Between heaven and earth
You would almost forget it, but above Lake Garda lies another world, one of steep grass plains, old defensive lines and viewpoints. Don’t forget the hearty goulash and homemade grappa either. Time for a week-long mountain lodge trek through this ‘other Garda’.
All roads lead to Rome, apart from the one my taxi driver is currently following it seems. In all the forty years he has lived on this planet he has never visited the Italian capital. “Why would I? Everything here is based around tourism. In the little free time I have I head into the mountains, even in the winter, when the strong northern winds blow through the abandoned streets of the northern villages.”
I sit in the backseat with mixed feelings of indignation and jealousy. How on Earth, especially as an Italian, can you never have been to the Eternal City? Yet at the same time how wonderful it must be that a few hours of free time and a mountain are all you need to escape the daily grind here.
Over the next few days we learn to better understand his world. On our itinerary is one of the three circular hiking trails to be found towards the northern part of Lake Garda, the Garda Treks which together form an imaginary crown. We will be hiking part of the Top Loop, a seven day hike from mountain lodge to mountain lodge over the crests of the mountains, the level of difficulty being best described as “physically demanding”. From Riva we begin our ascent, from 88m above sea level to 1790m seven hours later. We wander through woodland and grassy plains, past bunkers, trenches and barbed wire, meeting a shy man with a metal detector on the way, on the lookout for remnants of the First World War.
Around lunchtime we arrive at the Rifugio Permici where we meet Marco, our host, a young man with hair so red that if he stuck his head out of the window on a clear day he would be visible from the valley below. In his arms he carries a baby, barely a year old and already accustomed to the daily rhythms of life in the mountain lodge: the lunchtime the chaos of day hikers, then followed by the relative peace of deeper conversations with those staying overnight during dinner. It is the same merciless rhythm that ties down Marco and his family to the mountain. He has been walking around with a broken finger for weeks, but there has been no time to descend down into the world of the living. What is his solution therefore? A piece of wood and a roll of tape is enough for the time being.
The Crown of Garda: three circular hiking trails in the northern part of Lake Garda
Marco is not the only one with an injury to his name. During the descent the next morning I unexpectedly fall down onto the damp ground, with glistening stars and warbling nightingales above my head. I clasp at my ankle, as I thought I heard something break, but with the aid of crutches I manage to scramble to my feet once more. Two more hours of descent and three days hiking lie ahead of me still. Best to wait a little while before taking my shoe off, which that evening turns out to be a good idea, as my left foot has turned as blue as the waters of Lake Garda and sticks out as big as a ball of gelato from my hiking boots.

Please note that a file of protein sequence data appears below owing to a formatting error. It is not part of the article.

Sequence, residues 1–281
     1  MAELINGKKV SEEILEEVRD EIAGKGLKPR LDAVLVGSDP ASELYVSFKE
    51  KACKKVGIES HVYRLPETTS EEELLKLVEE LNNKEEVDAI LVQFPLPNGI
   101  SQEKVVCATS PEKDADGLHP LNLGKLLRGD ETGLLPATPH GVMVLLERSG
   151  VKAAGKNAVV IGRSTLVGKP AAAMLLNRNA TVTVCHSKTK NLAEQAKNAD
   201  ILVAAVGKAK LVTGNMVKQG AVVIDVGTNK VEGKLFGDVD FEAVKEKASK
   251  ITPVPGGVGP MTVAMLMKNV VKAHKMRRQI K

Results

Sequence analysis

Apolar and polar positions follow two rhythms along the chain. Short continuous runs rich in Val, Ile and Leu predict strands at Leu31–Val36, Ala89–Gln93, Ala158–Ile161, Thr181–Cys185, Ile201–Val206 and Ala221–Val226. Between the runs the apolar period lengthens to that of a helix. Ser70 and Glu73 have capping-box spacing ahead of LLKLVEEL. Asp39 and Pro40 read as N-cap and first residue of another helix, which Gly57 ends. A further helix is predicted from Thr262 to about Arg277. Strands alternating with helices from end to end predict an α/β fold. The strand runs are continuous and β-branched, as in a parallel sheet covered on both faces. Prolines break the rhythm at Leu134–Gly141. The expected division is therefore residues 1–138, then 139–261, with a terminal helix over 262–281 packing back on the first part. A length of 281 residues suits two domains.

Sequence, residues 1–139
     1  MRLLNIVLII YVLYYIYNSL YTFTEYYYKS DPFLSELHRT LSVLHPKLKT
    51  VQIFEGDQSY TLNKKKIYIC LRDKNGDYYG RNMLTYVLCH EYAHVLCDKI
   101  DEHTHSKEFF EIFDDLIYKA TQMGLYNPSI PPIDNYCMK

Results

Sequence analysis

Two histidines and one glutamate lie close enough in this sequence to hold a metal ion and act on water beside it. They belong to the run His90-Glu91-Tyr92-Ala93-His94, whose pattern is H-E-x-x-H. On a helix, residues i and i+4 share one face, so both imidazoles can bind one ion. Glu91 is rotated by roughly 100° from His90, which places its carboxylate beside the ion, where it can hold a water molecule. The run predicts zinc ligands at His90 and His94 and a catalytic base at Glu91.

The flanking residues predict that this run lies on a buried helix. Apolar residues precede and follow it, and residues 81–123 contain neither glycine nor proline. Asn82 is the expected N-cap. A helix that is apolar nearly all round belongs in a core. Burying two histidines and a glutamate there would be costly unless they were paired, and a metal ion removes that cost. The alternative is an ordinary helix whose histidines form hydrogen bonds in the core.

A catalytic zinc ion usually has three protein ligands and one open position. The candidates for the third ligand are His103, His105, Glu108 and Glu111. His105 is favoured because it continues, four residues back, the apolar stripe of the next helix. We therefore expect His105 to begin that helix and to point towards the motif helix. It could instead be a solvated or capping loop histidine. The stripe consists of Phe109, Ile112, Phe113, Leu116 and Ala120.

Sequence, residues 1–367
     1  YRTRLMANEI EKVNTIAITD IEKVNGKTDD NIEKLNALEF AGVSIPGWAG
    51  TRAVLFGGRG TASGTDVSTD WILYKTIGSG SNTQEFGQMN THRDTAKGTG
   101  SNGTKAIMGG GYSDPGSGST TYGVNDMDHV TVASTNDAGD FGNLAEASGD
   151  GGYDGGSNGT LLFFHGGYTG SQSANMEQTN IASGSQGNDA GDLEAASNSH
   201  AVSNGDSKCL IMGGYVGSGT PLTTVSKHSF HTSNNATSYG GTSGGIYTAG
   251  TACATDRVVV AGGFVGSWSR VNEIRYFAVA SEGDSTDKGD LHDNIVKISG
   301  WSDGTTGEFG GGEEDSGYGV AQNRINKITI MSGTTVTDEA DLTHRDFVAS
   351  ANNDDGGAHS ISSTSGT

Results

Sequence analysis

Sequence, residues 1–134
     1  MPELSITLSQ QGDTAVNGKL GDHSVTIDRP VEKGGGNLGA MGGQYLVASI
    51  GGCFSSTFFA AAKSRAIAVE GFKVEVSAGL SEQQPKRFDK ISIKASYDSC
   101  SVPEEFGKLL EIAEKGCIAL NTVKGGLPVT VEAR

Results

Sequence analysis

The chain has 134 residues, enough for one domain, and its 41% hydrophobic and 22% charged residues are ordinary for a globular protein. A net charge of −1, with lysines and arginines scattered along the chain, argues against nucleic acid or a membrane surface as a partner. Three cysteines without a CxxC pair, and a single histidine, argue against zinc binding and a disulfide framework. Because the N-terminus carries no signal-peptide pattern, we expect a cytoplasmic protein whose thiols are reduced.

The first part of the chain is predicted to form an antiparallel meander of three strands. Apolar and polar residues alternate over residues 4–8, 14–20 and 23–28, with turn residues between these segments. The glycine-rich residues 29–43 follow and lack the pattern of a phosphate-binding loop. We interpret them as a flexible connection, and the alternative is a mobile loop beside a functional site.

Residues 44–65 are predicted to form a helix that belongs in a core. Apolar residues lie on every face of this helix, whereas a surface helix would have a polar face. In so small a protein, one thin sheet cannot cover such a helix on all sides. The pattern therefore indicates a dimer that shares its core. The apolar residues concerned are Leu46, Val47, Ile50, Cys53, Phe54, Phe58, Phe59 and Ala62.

Tranquility, love, war, peace
Luckily the climb up the right bank of Lake Garda, up Monte Baldo, is a little more forgiving, despite it taking seven hours. Fewer rocks and loose debris, and more alpine meadows where the green hangs like a kind of hammock between the mountain ridges. The end of this stage in particular is wide and open, and deadly quiet, so quiet that only the hum of the hoverflies and the music of the marmots breaks the silence. Calm soothes discomfort.
At the top of Monte Altissimo the polenta is ready, prepared in a huge pot over the fire and served by a young man from Verona and a woman from Tuscany, who also prepared the fire itself. How can anyone want to leave here? The views from the top of the mountain are of such a rare beauty that it’s better to share it with someone. At the foot of the Altissimo a calm descends over Lake Garda, with only the Malcesine-Limone-Torbole ferry betraying any semblance of life.
All around the chalet are former trenches and ruins, here and there a forgotten piece of barbed wire. Sections of the Top Loop form part of the Sentiero della Pace, the Peace Trail, a hiking trail measuring 500km in length that connects important sites from the First World War. The day before we had flicked through Marco’s photo albums: pictures of snowed in yet proud soldiers on lonely mountainsides.
Back to earth
The last day of hiking is a slow and steady return to humanity. Two or three hours trudging over crests, heaths and through woodland, where the view over Lake Garda gets bigger, but at times is shrouded in a dense fog. Here you find preikestolen like those that are found in the Norwegian fjords: pieces of rock jutting out from dizzyingly high cliffs, said to resemble a pulpet (hence the name). The chamois have a little less difficulty with it, slowly clambering down into the depths down the sheer vertical cliff face. For us, the cable car is enough, which in a matter of minutes returns us to the reality of bustling café terraces and tourist dives: Malcesine.
On the ferry from Malcesine to Limone and Torbole a Flemish girl asks where we’ve “walked down from”. I point up towards the mountain. “From another world. One of people with shining hair, goulash and homemade grappa.”
The Crown of Garda
Lake Garda is known by many, the mountains surrounding her, much less. The seven day hike through these highlands is one of great views, along steep cliffs, alpine pastures, vineyards and medieval villages and dark forests. Seldom is she out of view: Italy’s largest lake: Lago di Garda.